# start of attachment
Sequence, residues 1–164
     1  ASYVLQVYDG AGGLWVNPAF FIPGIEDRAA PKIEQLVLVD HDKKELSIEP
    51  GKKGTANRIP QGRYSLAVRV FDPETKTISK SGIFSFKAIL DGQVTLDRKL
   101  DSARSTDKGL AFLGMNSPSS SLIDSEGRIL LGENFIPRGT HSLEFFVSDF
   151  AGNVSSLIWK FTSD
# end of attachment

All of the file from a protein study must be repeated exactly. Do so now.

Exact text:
Sequence, residues 1–164
     1  ASYVLQVYDG AGGLWVNPAF FIPGIEDRAA PKIEQLVLVD HDKKELSIEP
    51  GKKGTANRIP QGRYSLAVRV FDPETKTISK SGIFSFKAIL DGQVTLDRKL
   101  DSARSTDKGL AFLGMNSPSS SLIDSEGRIL LGENFIPRGT HSLEFFVSDF
   151  AGNVSSLIWK FTSD